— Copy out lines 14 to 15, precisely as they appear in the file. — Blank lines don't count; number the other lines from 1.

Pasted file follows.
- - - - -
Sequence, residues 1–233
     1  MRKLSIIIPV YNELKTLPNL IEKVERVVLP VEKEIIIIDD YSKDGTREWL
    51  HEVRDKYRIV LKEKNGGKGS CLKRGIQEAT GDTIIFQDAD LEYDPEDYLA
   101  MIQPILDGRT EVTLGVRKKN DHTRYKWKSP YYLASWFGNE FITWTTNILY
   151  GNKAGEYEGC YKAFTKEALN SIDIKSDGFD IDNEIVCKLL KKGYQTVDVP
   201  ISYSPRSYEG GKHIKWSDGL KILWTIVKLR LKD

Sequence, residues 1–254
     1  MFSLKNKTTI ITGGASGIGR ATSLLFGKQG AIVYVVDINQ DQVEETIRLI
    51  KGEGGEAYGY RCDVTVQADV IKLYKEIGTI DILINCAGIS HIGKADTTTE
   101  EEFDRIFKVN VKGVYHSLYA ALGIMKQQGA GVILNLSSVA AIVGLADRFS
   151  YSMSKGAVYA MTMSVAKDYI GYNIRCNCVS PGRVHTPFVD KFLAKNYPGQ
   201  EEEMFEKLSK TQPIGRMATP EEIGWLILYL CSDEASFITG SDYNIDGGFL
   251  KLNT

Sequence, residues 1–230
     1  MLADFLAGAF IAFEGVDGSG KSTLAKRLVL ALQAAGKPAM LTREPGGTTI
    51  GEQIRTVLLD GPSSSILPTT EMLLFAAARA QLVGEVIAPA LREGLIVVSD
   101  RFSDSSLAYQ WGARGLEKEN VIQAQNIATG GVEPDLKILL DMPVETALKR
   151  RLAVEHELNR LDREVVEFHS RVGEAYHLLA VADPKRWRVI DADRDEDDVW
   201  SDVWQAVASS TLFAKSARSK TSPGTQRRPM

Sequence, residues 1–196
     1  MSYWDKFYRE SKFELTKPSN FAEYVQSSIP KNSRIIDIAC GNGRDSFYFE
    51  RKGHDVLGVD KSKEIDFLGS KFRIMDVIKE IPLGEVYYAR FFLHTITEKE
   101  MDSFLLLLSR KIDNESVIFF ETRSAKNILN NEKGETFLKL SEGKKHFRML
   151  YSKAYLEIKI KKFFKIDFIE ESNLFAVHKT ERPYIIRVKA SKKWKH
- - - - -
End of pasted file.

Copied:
Sequence, residues 1–230
     1  MLADFLAGAF IAFEGVDGSG KSTLAKRLVL ALQAAGKPAM LTREPGGTTI